Dave Armstrong, upon realizing it was unwise to post
Columbine-style pictures of Reformed apologists on the same
blog that talks about how he respects Protestants, pointed to
a response he wrote to the comparison of his "exegesis" with
an example of my own (found here) as
a means of providing cover for his mistake. I had
briefly looked at the response, thrown my hands up in despair,
and chosen to ignore it. Why? Because, as is so
often the case, Mr. Armstrong just didn't get it. It was
obvious he thought I had written my exegesis as a response to
his own. I hadn't. As I had pointed out, I took
the sample of his own writing from his book. Mine I took
from an article I was writing at the time for a scholarly
journal. That was what made the comparison worthwhile:
his example was not directed at me, specifically, and mine was
written without any connection whatsoever to Armstrong.
The point of the comparison was completely lost on Mr.
Armstrong as well. The point was to illustrate the
difference in exegetical methodologies between us. It
was not to provide a point/counter-point argument. But
Armstrong treats it like it is supposed to be a debate
presentation. As such, he misses the entire purpose of
But since he has insisted I have "ignored" his "reply," a few
comments are in order. Armstrong's "response" can be
found here. I will be very brief...no, downright
terse, as there is little of substance here to respond to.
A) Upon reviewing a footnote that discusses a range of
lexical and LXX background information, Armstrong writes,
"Nothing to quibble with here." Of course not: it is
factual information, the very kind of factual information
that plays no part in his own 'exegesis.'
B) Next, I commented very briefly, and in a summary
fashion, on Hebrews 7:22. Armstrong replies, "But of
course White does not here deal with my own particular
argument." How on earth could I? I wasn't writing
this in response to Armstrong. But the argument that
follows again displays the very point I was making all along:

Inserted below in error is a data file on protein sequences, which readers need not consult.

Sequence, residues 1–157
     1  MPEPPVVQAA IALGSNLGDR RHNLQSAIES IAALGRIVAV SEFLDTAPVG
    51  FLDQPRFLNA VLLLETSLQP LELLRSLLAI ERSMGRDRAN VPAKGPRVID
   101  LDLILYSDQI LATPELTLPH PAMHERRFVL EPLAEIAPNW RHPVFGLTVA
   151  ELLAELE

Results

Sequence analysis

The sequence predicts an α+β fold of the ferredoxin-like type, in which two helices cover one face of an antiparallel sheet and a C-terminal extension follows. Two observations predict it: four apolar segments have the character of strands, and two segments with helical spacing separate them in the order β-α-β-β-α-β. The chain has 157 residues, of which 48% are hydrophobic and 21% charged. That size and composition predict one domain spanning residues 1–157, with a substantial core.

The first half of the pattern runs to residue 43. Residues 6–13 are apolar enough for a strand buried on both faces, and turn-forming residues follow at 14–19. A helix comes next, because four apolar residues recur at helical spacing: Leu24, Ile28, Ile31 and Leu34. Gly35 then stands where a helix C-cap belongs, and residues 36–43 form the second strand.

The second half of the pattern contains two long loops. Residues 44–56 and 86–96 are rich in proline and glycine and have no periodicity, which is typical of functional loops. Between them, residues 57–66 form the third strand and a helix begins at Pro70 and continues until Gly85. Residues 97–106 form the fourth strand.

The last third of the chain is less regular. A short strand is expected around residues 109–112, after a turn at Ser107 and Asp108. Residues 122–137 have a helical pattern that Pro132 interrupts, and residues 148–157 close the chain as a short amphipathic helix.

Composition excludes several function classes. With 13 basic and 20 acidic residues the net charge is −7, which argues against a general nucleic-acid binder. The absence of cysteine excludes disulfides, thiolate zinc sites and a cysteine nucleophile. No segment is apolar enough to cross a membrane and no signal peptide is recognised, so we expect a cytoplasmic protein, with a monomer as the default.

that what Armstrong calls "exegesis" is actually Roman
Catholic proof-texting. Note he says:
Jesus holds a
perpetual priesthood ("He holds his priesthood permanently,
because he continues forever" -- 7:24; not just a one-time
priestly sacrifice of Himself that has no application to His
priesthood beyond the time it occurred in history).
Yes, we agree that Jesus sacrificed Himself once on the Cross
(7:27). But that is a one-time act, in history. Why, then,
does 7:26 continue to refer to Jesus as a "high priest" in the
present tense, "exalted above the heavens"? It is this
paradoxical interplay between the one act and the
"present-ness" of Jesus' priesthood that suggests a timeless
nature of the sacrifice: precisely what Catholics claim is
occurring at the Mass: the one-time sacrifice is being made
present to us, because Jesus is a priest "forever."
exegesis, the burden of proof lies upon the one asserting.
No one has argued that Christ's priesthood is anything but
permanent. But note the shift in Armstrong's terminology
from Christ's priesthood to "a one-time priestly
sacrifice of Himself." No basis for this exchange is
offered, and it then becomes the basis of the statement, "that
has no application to His priesthood beyond the time it
occurred in history." Of course, we've already left the
realm of exegesis at this point, but Armstrong is not aware of
the parameters of the activity, and hence thinks that these
kinds of statements are exegetical in nature. The second
paragraph contains only one exegetically-relevant question
(not even an assertion) in the midst of its theological
speculations. Evidently the entire argument is based
upon the fact that Jesus is, present tense, the one,
singular High Priest, and therefore, there must be an on-going
aspect to His priesthood, and hence an on-going, perpetual
sacrifice. Of course, to substantiate such an
argument one would have to provide a textual basis for the
perpetual sacrifice and this is the very thing Armstrong
does not attempt to do. Using his "Socratic"
methodology, however, he forges a plausible line of thinking
and seemingly believes this is sufficient. Exegesis this
is not. Christ's priesthood is permanent not because His
sacrifice is perpetual but because He ever lives to make
intercession for us: intercession cannot happen without a
completed sacrifice. To make the sacrifice perpetual is
to destroy the perfection of both it, and the intercession
made upon its completed nature.
C) Next, in
my comments I worked through the supremacy of Christ to the
old priests. Armstrong's response? Exegetical?
Sure, but this
doesn't rule out the Catholic claim with regard to Jesus'
priesthood. It makes little sense to me to keep referring to
Jesus as a "priest" in the present tense when He is (according
to most Protestants) no longer doing at all what a priest does
(sacrifice). Jesus sacrificed Himself as the Lamb of God. That
was His priestly act (this is stated explicitly in 7:27, so it
cannot be doubted).
But if that was
strictly a past tense and not perpetual, why keep calling Him
a priest after He is glorified in heaven? It would seem much
more sensible to refer to His one-time priestly act, rather